Huawei Technologies, the mother company of Huawei Technologies Ghana, said it is expecting to post a rise in profits of $2.4 billion for 2012, which is 29% more than that of 2011.
Acting Chief Executive Officer Guo Ping reportedly told workers in his New Year message that “net profit is expected to rise by around 29% to US$2.4 billion compared to the US$1.86 billion in 2011.”
He also wrote in a memo to staff that revenues are expected to rise from US$32 billion to US$35 billion over the same period.
The rise in revenues and profits comes despite the company's ongoing setbacks in the US and Australia.
Guo did not provide any break down of main source of revenue such as infrastructure, services or handset divisions, but analysts say the rise could be attributed to new projects and increased sales in high-end mobile phone markets such as Japan.
"We should devote our limited energy to specific business objectives, and avoid the impulse to expand business blindly. Managers who expand business blindly must be held accountable,” Guo warned.
Huawei has boosted sales and gained market share in Europe, Asia and Africa (including Ghana), but it ran into a few obstacles last year in the United States and Australia due to national security and cyber espionage concerns.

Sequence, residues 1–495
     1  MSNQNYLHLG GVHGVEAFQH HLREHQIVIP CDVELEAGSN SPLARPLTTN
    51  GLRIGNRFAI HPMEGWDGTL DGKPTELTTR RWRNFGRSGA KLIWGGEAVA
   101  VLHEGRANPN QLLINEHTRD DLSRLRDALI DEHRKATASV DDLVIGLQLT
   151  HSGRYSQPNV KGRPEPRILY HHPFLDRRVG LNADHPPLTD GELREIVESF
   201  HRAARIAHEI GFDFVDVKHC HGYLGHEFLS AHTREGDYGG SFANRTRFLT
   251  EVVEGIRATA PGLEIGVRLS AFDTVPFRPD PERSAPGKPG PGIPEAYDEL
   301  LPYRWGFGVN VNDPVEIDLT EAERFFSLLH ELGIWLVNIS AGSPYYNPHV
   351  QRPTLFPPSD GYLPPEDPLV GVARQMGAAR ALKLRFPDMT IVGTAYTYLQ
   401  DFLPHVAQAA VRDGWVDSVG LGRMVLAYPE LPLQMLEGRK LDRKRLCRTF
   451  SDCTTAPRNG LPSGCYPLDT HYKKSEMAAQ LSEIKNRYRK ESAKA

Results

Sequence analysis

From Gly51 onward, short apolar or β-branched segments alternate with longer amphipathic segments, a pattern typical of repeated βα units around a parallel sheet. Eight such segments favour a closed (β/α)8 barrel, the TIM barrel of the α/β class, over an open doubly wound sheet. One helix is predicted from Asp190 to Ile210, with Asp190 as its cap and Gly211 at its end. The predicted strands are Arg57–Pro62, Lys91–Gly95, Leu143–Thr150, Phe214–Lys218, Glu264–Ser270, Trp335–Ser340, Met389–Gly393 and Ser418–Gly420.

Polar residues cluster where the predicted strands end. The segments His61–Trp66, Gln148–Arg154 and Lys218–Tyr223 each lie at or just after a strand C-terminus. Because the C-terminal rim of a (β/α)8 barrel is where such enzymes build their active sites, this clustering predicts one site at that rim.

Rival Ericsson has yet to report its full-year figures, so it is unclear whether the Huawei has surpassed the Swedish giant as the top telecom equipment maker in the world.
In Ghana, Huawei is undertaking a $150million national ICT backbone project, and it is a leading infrastructure, devices, and solutions vendor for all six telecoms operators in the country.
Huawei recently launched its own branded line of smart handheld devices including phones and tablets in Ghana.
The company was recently cited for meddling in Ghana’s politics, but it braved that storm and still remains a major partner of the government and telecom operators in the development of the country’s telecoms and ICT sector.
Huawei was founded in 1987 by Ren Zhengfei, a former People's Liberation Army officer. Huawei has denied repeatedly any links with the Chinese military and says it is a purely commercial enterprise.